Photographers write us often with details about their use of PocketWizard units on specific photo shoots. We love to share their experience, particularly when the results are this exciting. Timothy Armes has reached out and pointed us to a blog post with full details of how he achieved the below image.
Back in October he photographed open-water marathoner Mallory Meade. After shooting Meade from a boat as she swam in a lake, they moved the photo shoot to an Olympic-sized pool. Houghton got underwater and was able to fire his Profoto heads with his PocketWizards submerged.
PocketWizard radios utilize a high frequency radio signal transmitted on at a very low power, which work great when the radios are transmitting through air. Unfortunately, the requirements for a reliable system underwater is the exact opposite of this. You’d need a very high powered, low-frequency transmitter to get any sort of reliable range (think military submarine or whales). In the limited testing we’ve attempted with our radios underwater, your triggering distance would most likely be measured in inches or centimeters instead of meters or feet. PocketWizard does not recommend submerging your equipment in water of any kind.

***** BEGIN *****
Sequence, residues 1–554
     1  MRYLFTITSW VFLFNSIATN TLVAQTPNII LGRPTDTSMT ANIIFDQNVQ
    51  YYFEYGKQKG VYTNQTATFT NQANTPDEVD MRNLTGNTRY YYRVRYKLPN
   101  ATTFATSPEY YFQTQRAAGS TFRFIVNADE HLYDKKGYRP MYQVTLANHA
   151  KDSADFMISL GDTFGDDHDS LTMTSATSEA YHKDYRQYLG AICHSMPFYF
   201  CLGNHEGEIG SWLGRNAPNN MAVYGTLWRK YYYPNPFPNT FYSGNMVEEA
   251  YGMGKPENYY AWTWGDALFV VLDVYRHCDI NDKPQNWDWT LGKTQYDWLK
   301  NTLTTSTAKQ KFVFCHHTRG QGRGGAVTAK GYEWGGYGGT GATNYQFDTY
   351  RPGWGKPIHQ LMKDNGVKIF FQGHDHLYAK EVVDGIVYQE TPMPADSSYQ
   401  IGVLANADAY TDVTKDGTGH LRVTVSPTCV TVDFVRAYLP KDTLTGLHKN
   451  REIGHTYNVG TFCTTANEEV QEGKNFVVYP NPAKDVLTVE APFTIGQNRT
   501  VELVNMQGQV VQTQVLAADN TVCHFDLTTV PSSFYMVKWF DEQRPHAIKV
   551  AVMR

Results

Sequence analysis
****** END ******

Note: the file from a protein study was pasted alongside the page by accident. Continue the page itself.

Keith Pytlinski is still hiking to remote locations and coming back with some great photography. With all the excitement over the Nikon-compatible PocketWizard MiniTT1 and FlexTT5 units, Pytlinski wanted to test the Canon versions of thoseproducts on this recent mountain bike shoot.
Pytlinski shot in a few locations, with strobes out of his line of sight at different distances. It seems the furthest he set up on this shoot was 100 feet, with rock between the Pytlinski and his strobes. The PocketWizards did their job well, according to this demanding pro shooter of extreme sports.